Europe is bracing for a possible shock after Britain's vote to leave the European Union and the election of Donald Trump to the U.S. presidency
ROME , Nov. 24 (UPI).-- A referendum on changes in Italy's constitution could be the next evidence of populism after Brexit and the U.S. presidential election, and could affect the eurozone, analysts said.
Italian citizens will vote Dec. 4 on whether to allow adjustments drastically weakening the power of the senate, required if Prime Minister Matteo Renzi will be able to push his package of economic reforms through Italy's complex lawmaking process. The referendum is widely regarded as a show of support, or lack of it, for Renzi, and he may resign if the proposal to change the constitution fails, CNBC reported.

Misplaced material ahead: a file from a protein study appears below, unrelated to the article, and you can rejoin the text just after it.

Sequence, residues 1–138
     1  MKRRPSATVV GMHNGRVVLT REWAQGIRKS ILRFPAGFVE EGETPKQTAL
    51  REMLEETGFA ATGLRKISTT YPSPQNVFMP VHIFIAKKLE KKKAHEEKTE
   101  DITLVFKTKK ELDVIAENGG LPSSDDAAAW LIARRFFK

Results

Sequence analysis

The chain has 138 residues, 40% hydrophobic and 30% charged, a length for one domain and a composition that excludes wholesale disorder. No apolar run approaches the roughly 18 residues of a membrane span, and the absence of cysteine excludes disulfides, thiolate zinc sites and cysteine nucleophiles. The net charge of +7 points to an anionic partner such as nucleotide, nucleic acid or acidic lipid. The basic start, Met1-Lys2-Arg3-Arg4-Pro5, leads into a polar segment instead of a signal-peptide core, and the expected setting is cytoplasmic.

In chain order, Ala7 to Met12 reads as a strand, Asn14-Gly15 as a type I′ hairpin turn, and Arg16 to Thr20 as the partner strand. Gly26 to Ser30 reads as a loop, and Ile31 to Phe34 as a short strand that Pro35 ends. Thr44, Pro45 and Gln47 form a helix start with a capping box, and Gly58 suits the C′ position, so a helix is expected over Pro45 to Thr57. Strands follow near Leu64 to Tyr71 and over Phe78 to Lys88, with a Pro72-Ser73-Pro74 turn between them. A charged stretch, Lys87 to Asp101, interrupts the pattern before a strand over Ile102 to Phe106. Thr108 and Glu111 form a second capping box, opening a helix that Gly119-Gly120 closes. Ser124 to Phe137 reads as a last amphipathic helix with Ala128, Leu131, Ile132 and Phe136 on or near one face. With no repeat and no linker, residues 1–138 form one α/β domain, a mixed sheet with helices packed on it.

In polls released prior to a pre-vote blackout, the campaign to reject the reforms had a five percentage point lead.
Renzi's potential departure would require a new parliamentary election and could open the door to gains by the Five Star Movement, a political party which advocates Italy's parting of ways with the eurozone, the group of countries using the euro as its currency. An election victory by the Five Star Movement is seen as a longshot, but in a year in which Britain voted to leave the European Union, and Donald Trump won the U.S. presidency as an outsider, Europe is bracing for another potential shock.
The referendum "could precipitate a wider Eurozone crisis (...)"
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